Summary of

Electronic Privacy Information Center v. National Security Agency and Department of Defense, U.S. District Court, District of Columbia, Case No. 99-3197, filed December 3, 1999.

This page was last updated on December 6, 1999.

Nature of the Case. EPIC sued the NSA to compel it comply with a FOIA request for copies of documents provided by NSA lawyers to its technicians, operators, and management regarding its signals intelligence operations. The documents are relevant to whether the NSA's interception of Internet and phone communications violates privacy rights.

Plaintiff. The Electronic Privacy Information Center (EPIC), 666 Pennsylvania Ave. SE, Suite 301, Washington DC, 20003. EPIC is a Washington DC based group that focuses public attention and advocates on civil liberties issues involving telecommunications, computers, and the Internet.

Defendants. National Security Agency (NSA), Fort George G. Meade, Maryland, 20755, and the Department of Defense (DOD), The Pentagon, Washington, DC, 20301.

Background. On the surface, this case is simply a suit to enforce a Freedom of Information Act request to which a government agency refused respond. However, it arises out of an ongoing debate about threats to privacy rights presented by signals intelligence operations of the NSA and other government agencies.

Government agencies conduct signals intelligence operations with respect to international and domestic communications, including both phone and Internet protocol transmissions. The relevant agencies are not forthcoming about the extent of, or legal justifications for, their operations, either to the public, or even to oversight committees of the Congress.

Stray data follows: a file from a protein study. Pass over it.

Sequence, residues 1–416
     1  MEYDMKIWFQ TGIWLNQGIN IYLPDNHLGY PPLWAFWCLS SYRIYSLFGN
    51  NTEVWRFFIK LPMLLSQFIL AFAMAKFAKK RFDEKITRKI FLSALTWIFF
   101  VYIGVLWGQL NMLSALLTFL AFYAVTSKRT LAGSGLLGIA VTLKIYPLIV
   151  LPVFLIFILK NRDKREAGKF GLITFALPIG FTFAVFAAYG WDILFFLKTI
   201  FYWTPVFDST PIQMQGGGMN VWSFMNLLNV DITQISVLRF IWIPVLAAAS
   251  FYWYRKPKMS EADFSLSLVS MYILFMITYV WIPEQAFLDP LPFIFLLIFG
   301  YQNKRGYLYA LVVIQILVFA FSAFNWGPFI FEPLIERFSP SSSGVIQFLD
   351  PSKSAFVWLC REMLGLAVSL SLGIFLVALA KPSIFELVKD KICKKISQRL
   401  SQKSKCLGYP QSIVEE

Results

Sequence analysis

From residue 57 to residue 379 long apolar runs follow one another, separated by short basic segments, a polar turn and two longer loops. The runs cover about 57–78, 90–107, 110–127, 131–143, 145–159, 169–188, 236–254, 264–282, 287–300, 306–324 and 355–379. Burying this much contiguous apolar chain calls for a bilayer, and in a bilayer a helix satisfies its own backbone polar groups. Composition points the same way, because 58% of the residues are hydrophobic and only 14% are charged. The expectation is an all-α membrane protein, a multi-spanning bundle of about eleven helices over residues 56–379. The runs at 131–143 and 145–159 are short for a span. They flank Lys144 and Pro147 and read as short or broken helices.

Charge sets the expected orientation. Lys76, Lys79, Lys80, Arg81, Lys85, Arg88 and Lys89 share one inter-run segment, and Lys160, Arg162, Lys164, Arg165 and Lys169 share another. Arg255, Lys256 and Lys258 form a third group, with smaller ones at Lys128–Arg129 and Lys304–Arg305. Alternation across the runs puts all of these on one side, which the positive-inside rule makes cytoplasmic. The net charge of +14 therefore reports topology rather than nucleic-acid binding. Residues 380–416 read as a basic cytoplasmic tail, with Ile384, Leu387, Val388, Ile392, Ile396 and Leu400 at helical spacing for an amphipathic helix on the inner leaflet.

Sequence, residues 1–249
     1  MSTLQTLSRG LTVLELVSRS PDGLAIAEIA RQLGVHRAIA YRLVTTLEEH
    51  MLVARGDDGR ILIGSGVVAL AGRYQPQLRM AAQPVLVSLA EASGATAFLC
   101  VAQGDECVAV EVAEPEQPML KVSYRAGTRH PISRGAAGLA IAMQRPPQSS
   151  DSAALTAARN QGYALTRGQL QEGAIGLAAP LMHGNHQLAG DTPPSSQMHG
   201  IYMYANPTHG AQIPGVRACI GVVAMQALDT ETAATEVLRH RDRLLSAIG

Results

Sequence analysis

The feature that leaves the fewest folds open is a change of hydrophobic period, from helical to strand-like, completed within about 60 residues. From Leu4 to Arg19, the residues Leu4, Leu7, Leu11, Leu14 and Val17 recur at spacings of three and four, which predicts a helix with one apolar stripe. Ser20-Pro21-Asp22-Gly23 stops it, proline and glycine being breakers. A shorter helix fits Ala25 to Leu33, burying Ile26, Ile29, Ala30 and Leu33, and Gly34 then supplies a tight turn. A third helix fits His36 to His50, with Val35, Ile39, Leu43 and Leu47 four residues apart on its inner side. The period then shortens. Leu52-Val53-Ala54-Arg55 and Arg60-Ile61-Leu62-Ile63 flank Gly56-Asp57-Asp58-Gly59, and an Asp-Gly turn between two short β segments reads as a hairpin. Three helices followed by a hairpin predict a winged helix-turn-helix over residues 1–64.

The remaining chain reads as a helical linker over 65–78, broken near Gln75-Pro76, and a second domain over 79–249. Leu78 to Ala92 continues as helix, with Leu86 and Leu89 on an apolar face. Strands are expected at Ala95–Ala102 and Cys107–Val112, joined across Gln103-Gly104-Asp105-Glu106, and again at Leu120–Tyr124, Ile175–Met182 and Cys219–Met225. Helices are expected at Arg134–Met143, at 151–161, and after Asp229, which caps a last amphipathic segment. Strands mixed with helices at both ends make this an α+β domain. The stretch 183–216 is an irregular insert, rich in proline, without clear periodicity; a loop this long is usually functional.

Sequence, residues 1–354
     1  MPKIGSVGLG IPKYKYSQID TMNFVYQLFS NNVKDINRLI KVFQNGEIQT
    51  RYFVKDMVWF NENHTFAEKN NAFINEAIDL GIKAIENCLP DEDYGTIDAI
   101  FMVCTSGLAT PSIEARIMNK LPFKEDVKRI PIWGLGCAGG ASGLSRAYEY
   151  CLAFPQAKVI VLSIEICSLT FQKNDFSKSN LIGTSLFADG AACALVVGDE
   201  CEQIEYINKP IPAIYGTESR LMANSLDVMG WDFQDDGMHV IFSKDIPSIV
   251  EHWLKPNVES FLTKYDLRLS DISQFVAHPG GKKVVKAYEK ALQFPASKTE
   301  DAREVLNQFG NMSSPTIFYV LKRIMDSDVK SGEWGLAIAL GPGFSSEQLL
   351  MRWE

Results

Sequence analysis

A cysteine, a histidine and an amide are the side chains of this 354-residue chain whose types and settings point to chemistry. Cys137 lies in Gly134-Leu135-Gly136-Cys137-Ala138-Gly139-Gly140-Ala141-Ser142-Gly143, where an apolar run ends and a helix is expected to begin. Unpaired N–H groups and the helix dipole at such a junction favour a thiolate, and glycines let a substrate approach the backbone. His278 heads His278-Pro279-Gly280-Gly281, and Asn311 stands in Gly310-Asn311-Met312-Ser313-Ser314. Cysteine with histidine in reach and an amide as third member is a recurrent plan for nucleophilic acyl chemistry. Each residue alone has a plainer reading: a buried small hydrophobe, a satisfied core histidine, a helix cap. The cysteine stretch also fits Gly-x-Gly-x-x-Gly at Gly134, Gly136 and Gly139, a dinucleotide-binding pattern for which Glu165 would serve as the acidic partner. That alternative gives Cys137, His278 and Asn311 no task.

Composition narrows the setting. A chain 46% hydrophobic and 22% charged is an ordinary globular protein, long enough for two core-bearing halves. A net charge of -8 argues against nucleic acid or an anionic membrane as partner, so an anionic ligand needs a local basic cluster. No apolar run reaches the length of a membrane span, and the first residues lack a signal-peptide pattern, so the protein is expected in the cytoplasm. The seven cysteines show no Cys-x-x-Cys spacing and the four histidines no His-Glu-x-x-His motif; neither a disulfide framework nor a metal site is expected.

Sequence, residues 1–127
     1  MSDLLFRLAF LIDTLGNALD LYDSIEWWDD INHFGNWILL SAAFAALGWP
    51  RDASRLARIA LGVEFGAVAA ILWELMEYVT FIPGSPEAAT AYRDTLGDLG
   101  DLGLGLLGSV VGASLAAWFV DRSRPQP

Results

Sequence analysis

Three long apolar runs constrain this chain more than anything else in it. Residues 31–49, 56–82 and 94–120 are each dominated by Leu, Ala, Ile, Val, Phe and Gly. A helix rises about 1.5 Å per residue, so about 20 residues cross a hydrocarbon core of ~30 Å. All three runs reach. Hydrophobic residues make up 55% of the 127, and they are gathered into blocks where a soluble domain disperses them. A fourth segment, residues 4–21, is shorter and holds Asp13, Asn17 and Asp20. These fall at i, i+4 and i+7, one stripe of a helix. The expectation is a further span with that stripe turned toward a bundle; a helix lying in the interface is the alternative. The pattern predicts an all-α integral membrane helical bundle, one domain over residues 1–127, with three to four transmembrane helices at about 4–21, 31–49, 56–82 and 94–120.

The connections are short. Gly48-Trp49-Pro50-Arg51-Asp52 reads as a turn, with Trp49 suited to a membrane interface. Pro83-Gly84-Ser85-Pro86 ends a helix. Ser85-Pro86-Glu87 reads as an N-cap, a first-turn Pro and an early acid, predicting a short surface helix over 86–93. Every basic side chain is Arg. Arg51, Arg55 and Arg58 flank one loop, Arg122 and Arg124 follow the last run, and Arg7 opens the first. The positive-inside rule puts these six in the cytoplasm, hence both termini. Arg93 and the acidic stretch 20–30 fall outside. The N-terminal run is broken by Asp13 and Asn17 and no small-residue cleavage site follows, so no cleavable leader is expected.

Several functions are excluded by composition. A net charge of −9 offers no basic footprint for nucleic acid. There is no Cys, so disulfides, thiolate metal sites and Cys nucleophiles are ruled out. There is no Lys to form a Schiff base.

The NSA has refused to provide some documents requested by the House Intelligence Committee. Rep. Porter Goss (R-FL), Chairman of the Committee, criticized the NSA's refusal in a statement on May 7, 1999.

Rep. Bob Barr (R-GA) has called for hearing on signals intelligence operations.

Facts. EPIC submitted a FOIA request to the NSA on June 8, 1999, which requested the very same documents that were requested by, and refused to, the House Intelligence Committee.

The Committee had asked the NSA General Counsel to provide it with "legal memoranda, opinions rendered, and other documents in the General Counsel's Office that established that the advice it was providing to the NSA's technicians, operators, and management was effective in helping the NSA achieve its mission goals and objectives." (Statement of Rep. Goss.)

The NSA did not comply with the FOIA request.

Status. This case was filed in the trial court on December 3, 1999. It has been assigned to Judge Paul Friedman.

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